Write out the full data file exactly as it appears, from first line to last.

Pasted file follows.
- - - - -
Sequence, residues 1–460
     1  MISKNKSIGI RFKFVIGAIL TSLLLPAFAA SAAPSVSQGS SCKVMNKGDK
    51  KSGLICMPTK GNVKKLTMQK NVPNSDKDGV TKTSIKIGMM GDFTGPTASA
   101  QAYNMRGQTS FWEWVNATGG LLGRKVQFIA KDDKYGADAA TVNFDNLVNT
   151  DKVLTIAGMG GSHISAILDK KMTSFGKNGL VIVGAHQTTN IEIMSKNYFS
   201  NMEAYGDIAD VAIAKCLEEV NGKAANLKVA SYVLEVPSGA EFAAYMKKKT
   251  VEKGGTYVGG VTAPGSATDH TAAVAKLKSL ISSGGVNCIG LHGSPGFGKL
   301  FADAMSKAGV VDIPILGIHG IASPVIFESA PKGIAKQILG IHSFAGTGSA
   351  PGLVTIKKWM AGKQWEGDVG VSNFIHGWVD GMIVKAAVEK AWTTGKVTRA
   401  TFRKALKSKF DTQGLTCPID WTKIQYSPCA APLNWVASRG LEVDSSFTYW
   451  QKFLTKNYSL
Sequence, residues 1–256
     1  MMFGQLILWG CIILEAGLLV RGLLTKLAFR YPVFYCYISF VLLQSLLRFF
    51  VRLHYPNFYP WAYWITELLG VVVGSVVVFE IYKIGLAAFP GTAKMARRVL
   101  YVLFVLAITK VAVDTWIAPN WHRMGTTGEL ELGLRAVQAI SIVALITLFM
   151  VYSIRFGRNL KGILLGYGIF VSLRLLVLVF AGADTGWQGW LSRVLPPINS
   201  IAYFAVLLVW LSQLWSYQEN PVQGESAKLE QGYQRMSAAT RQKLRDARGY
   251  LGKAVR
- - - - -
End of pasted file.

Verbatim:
Sequence, residues 1–460
     1  MISKNKSIGI RFKFVIGAIL TSLLLPAFAA SAAPSVSQGS SCKVMNKGDK
    51  KSGLICMPTK GNVKKLTMQK NVPNSDKDGV TKTSIKIGMM GDFTGPTASA
   101  QAYNMRGQTS FWEWVNATGG LLGRKVQFIA KDDKYGADAA TVNFDNLVNT
   151  DKVLTIAGMG GSHISAILDK KMTSFGKNGL VIVGAHQTTN IEIMSKNYFS
   201  NMEAYGDIAD VAIAKCLEEV NGKAANLKVA SYVLEVPSGA EFAAYMKKKT
   251  VEKGGTYVGG VTAPGSATDH TAAVAKLKSL ISSGGVNCIG LHGSPGFGKL
   301  FADAMSKAGV VDIPILGIHG IASPVIFESA PKGIAKQILG IHSFAGTGSA
   351  PGLVTIKKWM AGKQWEGDVG VSNFIHGWVD GMIVKAAVEK AWTTGKVTRA
   401  TFRKALKSKF DTQGLTCPID WTKIQYSPCA APLNWVASRG LEVDSSFTYW
   451  QKFLTKNYSL
Sequence, residues 1–256
     1  MMFGQLILWG CIILEAGLLV RGLLTKLAFR YPVFYCYISF VLLQSLLRFF
    51  VRLHYPNFYP WAYWITELLG VVVGSVVVFE IYKIGLAAFP GTAKMARRVL
   101  YVLFVLAITK VAVDTWIAPN WHRMGTTGEL ELGLRAVQAI SIVALITLFM
   151  VYSIRFGRNL KGILLGYGIF VSLRLLVLVF AGADTGWQGW LSRVLPPINS
   201  IAYFAVLLVW LSQLWSYQEN PVQGESAKLE QGYQRMSAAT RQKLRDARGY
   251  LGKAVR